The California climate and affordable housing lured many East European Jews, seeking a better life during the mid-20th century immigration wave, to settle in Los Angeles.
One such newcomer was Israel Levin. Sadly, there isn’t much background information available on this man who made such a vital contribution to the history of Jews in Venice.
According to Rosalie Fromberg, director of the Israel Levin Senior Adult Center, he was part of a group of elderly Jewish immigrants who met in a storefront on Pier Avenue in Santa Monica in the early 1960s. He decided that the seniors needed a more appropriate place to meet and in 1964 purchased what was then a two-story bingo hall at 201 Ocean Front Walk for that purpose.
When he passed away, the Israel Levin Senior Adult Center was willed to the Jewish Federation of Greater Los Angeles. According to Steve Sass, president of the Jewish Historical Society, Levin died in 1971 at the age of 97.
At that time the Jewish Federation did mainly fundraising and little programming. The center was leased rent-free to the Senior Department of the Bay Cities Jewish Community Center, under whose auspices it remained until 2002. Now it is part of Jewish Family Service of Los Angeles and is officially known as the JFS/Israel Levin Senior Adult Center.
The center became widely known when Dr. Barbara Myeroff, an anthropologist and writer, co-produced a film with director Lynn Littman called Number Our Days, based on interviews with members of the center. The film is a sensitive and compassionate portrayal of individuals whose heritage of hardship is paired with their ability to rebound while living in poverty and isolation in their new homeland. It won an Academy Award in 1977 for Best Short Documentary. A book with the same name was published in 1979.
Membership dues are $21 a year and there are about 175 paid members. You do not have to be a member or live in Venice or even be Jewish to attend the programs. During the recent holiday season there were decorations for Hanukkah and Kwanzaa and a small Christmas tree.
“Obviously the primary holidays are the Jewish holidays, but we honor everybody,” says Rosalie. “We do not turn anybody away, ever.”
There are about 30 people in the Nifty 90’s Club and those 90 and over are honored once a year.
“It’s amazing to me,” says Rosalie. “I can point out one lady who is 94 and takes part in the yoga class.”
A daily kosher lunch for $1.25 is provided by JFS/Hirsh Kosher Kitchen. Free oranges and bananas are given to members every Friday through a grant from the Mitchell Family Foundation.
The Jewish Federation still owns and maintains the building. Jewish Family Service, the parent association, provides a social worker who comes once a week to offer resources and services such as assistance with prescription drugs and filling out rebates for housing, and also to lead a discussion group on issues that pertain specifically to seniors, such as knowing when to give up driving.
Support comes from the outside too. This enables additional programs to be offered without charge.
“Some seniors are on fixed incomes,” says Rosalie. “It’s not in their budget even if they want to do healthy things and want to get out of the house or they want to travel someplace. They just don’t have it.”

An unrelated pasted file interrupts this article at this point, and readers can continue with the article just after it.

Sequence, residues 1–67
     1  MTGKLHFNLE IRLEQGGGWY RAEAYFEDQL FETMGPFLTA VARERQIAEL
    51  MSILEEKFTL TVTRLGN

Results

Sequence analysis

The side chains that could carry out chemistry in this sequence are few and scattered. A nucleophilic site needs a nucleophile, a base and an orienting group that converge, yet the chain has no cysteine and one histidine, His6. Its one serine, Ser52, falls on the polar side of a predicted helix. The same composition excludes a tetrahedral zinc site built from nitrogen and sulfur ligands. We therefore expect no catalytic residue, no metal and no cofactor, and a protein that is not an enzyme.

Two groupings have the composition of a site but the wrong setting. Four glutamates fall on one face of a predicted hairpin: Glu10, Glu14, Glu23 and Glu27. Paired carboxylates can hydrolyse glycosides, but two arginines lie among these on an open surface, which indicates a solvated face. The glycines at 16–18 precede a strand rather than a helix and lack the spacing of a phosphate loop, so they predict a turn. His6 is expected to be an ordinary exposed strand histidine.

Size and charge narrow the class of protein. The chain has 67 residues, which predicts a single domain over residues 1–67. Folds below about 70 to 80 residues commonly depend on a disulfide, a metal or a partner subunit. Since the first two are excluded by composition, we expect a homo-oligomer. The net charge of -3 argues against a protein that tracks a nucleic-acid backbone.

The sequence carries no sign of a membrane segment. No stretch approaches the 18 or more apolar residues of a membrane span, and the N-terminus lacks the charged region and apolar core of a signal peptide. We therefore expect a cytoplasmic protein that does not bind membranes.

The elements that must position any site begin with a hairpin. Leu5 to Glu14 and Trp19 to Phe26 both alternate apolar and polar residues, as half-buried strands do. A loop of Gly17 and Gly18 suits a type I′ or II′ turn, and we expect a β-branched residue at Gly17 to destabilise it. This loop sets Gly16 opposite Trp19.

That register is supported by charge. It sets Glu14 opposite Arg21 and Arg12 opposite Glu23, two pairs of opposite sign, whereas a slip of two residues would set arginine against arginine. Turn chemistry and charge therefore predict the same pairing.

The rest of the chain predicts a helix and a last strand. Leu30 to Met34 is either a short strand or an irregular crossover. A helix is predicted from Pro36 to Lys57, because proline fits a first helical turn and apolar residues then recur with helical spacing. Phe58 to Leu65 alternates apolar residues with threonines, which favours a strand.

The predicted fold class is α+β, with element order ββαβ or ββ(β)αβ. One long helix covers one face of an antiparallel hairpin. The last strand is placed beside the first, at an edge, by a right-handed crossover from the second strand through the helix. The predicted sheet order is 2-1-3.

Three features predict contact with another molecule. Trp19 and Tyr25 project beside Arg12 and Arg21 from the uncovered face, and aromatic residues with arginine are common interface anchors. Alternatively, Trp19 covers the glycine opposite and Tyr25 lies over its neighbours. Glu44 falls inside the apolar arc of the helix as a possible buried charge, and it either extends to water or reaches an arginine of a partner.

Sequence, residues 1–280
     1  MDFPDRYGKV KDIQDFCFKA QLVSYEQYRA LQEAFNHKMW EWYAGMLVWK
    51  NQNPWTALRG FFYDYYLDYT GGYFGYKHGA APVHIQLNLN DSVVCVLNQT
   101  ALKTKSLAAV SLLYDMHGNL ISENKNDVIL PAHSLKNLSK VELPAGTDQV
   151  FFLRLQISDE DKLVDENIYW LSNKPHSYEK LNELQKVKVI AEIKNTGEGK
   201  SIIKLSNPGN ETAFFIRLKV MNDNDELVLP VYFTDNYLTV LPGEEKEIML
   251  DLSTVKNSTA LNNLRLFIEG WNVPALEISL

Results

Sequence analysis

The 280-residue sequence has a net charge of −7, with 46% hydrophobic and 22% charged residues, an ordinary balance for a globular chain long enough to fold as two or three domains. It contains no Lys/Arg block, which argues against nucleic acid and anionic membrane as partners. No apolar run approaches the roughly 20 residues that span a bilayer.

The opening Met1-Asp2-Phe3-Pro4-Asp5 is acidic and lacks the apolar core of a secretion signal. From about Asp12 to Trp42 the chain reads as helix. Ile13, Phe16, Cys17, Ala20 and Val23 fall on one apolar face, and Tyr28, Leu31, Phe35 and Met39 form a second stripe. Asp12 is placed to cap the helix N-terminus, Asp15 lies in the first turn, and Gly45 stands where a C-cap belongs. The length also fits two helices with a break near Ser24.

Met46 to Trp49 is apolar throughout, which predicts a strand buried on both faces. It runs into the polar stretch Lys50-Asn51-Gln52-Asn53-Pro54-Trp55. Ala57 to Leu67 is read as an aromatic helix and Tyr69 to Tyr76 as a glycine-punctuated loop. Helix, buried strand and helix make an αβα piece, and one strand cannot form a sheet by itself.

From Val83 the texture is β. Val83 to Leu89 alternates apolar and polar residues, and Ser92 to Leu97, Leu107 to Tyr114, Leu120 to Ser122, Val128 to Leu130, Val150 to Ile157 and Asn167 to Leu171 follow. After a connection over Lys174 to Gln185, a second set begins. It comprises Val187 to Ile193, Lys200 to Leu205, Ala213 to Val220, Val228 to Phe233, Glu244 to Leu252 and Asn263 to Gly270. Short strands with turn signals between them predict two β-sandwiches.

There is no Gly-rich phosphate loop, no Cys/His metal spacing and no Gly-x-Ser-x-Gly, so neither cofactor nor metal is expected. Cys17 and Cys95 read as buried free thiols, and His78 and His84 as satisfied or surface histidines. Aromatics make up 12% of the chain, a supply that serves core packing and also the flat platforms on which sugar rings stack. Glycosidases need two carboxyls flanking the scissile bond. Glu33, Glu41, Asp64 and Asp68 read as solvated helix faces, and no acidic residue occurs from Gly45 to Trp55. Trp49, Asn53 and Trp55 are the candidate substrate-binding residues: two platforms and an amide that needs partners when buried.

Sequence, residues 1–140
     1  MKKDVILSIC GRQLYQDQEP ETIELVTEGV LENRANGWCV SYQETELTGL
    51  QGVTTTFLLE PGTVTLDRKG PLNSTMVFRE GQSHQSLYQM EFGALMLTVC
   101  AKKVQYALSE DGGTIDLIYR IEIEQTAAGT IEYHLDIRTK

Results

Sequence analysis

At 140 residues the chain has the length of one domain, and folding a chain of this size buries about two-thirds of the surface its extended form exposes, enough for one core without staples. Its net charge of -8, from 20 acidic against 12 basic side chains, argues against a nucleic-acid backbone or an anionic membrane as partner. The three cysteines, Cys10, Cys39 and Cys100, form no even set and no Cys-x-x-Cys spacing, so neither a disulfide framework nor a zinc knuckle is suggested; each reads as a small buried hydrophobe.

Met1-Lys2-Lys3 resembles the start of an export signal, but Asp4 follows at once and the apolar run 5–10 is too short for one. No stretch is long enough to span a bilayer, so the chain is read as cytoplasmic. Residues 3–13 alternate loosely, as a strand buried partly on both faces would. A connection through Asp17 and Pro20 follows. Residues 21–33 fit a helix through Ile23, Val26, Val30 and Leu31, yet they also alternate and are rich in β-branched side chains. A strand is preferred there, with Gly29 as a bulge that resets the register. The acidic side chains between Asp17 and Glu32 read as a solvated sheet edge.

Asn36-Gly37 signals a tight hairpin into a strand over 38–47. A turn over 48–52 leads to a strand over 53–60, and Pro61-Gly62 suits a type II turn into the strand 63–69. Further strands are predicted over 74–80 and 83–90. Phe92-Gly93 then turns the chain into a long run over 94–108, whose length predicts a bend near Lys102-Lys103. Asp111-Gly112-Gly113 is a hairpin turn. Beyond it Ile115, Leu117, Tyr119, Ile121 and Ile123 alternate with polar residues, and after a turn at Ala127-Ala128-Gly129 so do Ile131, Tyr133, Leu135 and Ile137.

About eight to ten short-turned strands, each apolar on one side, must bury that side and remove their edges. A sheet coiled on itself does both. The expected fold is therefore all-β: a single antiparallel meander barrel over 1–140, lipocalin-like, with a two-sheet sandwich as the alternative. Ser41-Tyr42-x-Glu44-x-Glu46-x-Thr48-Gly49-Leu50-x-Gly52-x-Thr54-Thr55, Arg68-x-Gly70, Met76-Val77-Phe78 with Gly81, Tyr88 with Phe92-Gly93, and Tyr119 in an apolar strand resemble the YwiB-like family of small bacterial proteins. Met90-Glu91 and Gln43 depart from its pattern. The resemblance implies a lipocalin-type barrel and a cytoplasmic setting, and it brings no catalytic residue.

A man who was not even a member left money in his will to provide for senior programming. His largess is used for wellness and cultural programs, including transportation. Seniors have taken cruises to the Mexican Riviera and Alaska, gone to Las Vegas, Laughlin, San Francisco, Morro Bay and Palm Springs and been on one-day excursions to museums. They go to the theater, where they have seen Jersey Boys and Wicked.
The Harold Edelstein Foundation provides money for holiday gift baskets in December for the really needy.
Temple Mishkon Tephilo offers discounted tickets for High Holiday services.
The Venice Library and the Santa Monica Library have been generous in donating books, especially those in large print, because there are seniors who have macular degeneration.
Many young people have preconceived notions of what the elderly look and act like.
“They picture older people sitting in wheelchairs drooling and not understanding things,” says Rosalie. “We have seniors who walk two to three miles every day.” This vital group of seniors brings wisdom, insight, memories and, of course, experience.
There are occasional intergenerational programs.
“I explain that these are older people who have college degrees — which is really phenomenal considering that generation — and who were teachers, principals and lawyers,” says Rosalie.
Morrie Hattem, 90 years young, is a teacher of “everything I know” which includes chess, photography, magic, Sudoku and line dancing.
“I motivate these people with music and dancing,” he says. “I wake them up. They’re not too strong because they’re elderly. You have to be very careful but what I give them peps them up.”
His recommendations for long life are attitude, good nutrition, positive thinking and, for the men, chasing women. The most important thing is to remember “you only go around once, so make the best of it,” he says. He wants people to keep in mind that he and his fellow seniors were young once.
“We don’t forget our youth,” he says. “We are what you call recycled teenagers.”
So, the next time you see an older person, treat them with respect, because you, too, will be walking in their shoes someday.
In 1991 a mural, Marc Chagall Returns to Venice Beach, was painted on the exterior of the center. Christina Schlesinger was lead artist along with 13 assistants, one of whom is current member Fay Conn, who painted a section showing her parents going into a synagogue. Much of the imagery comes from the work of Russian Jewish painter Chagall, dropped into a setting of Venice Beach.
To make a donation, volunteer or for more information, (310) 396-0205.